To say we live in interesting times is to understate the challenges and opportunities of the 21st century. With all the technological and social changes that have already taken place within the last decade, it’s easy to feel both worried and excited about the future. We face challenges like the continuing threat of climate change but also have opportunities to unleash the potential of scientific and technological innovation to improve our society. Surging population growth and fast increases in food and energy production are also new realities.
How will Canada and its municipalities respond to growing cultural and technological complexity? The future will be shaped by change at an unprecedented rate; technological advancements, shifting demographics, and social change will have a major impact on the daily lives of Canadian residents. To keep up, municipalities should be planning for ‘tomorrow’ and many years ahead, thinking about ways to leverage changes in order to keep their communities thriving.
The Factors Shaping Our Future
With the youngest baby boomers entering their 50s and the oldest now in their 70s, the Canadian healthcare sector will experience increased strain as this demographic raises demand for already scarce hospital resources. An aging population will also create a disruption in the labour force, meaning immigration is key to replenishing the workforce, keeping schools viable and paying for healthcare, and otherwise sustaining the Canadian welfare state.
Within twenty years, Canada could have close to 10 million seniors, a number that will jump to between 12 and 15 million by 2061.
High-paying jobs for work in manufacturing plants, mines, trucking, and construction – usually held by males – are being replaced by technology like automated trucks and robots. Loblaws and Walmart Canada, for example, have already shown interest in purchasing autonomous transport trucks, which could make human drivers obsolete.
Canada is also experiencing a shift towards a female-supported economy as women continue to occupy jobs in the healthcare sector. This trend will continue as 60% of university students are now female and the service economy continues to expand. This could lead to fewer jobs overall, a sharp decline in high paying positions in traditional blue collar work, and growing social dislocation as new employees and displaced workers struggle to find opportunities.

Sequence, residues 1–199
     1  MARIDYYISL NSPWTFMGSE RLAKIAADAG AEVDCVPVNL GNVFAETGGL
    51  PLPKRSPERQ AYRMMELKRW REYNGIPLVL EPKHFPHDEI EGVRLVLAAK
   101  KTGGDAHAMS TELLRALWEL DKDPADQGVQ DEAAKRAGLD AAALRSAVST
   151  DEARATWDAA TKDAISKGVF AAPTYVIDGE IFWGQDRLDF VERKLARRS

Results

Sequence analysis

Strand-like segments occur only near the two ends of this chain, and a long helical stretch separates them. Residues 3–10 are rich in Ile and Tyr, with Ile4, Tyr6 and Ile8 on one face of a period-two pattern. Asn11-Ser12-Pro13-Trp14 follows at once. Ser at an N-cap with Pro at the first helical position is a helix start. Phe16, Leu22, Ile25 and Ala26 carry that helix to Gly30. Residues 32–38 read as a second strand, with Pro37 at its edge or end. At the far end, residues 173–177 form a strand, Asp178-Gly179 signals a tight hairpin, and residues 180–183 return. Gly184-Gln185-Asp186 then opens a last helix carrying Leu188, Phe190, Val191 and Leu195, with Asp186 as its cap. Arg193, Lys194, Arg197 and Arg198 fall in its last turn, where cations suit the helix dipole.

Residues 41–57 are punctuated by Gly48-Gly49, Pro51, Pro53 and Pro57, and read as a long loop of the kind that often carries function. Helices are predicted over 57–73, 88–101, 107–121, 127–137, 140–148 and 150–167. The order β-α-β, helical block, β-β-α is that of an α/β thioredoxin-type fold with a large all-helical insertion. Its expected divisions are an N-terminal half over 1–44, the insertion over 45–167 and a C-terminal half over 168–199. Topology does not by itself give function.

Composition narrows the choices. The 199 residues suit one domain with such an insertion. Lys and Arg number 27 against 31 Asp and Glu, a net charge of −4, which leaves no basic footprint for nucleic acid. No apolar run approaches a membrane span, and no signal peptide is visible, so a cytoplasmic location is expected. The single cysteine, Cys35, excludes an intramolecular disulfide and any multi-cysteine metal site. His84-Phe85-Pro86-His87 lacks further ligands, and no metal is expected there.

This transition has already started. With the introduction of autonomous vehicles in the resource sector and the widespread use of advanced industrial machinery in the factories, young men are finding it more difficult to launch their careers. Recent college and university graduates already tend to struggle with underemployment and short-term employment, and high urban real estate prices have made the transition to adulthood more difficult for many.
Positive social change has led to greater diversity in the workplace as employers start to place higher importance on gender, racial, and cultural diversity. This has proven profitable: a 2015 McKinsey report shows that businesses in the top quartile for ethnic diversity are 35% more likely to have financial returns greater than the industry median.
Millennials increasingly influence working culture, as their priorities – including the desire for work-life balance and greater freedom – start to shift how the average Canadian workplace operates.
The future promises less stability, more mobility, and potential disconnects between workers’ expectations and employers’ needs. ‘New economy’ firms – Apple, Google, Facebook, Desir2Learn, and Open Text – are seen as preferred employers and are changing workers’ expectations about the nature of work.
New technology in medical monitoring, 3D printing, finance, and retail operations will open up many exciting possibilities but will also take away many traditional jobs, especially in manufacturing, local banking, and grocery and department stores.
More than 300,000 jobs have already been lost in the manufacturing sector in recent years, accelerating the hollowing out of many towns in central Canada.
According to the Brookfield Institute for Innovation + Entrepreneurship, as much as 50% of the jobs in Ontario manufacturing towns such as Ingersoll, Tillsonburg, and Woodstock have the potential to be automated.
The future of Canada could be in autonomous vehicles, alternative energy, or aquaculture, so municipalities need to start thinking about what lies ahead and start planning now for a rapidly changing time.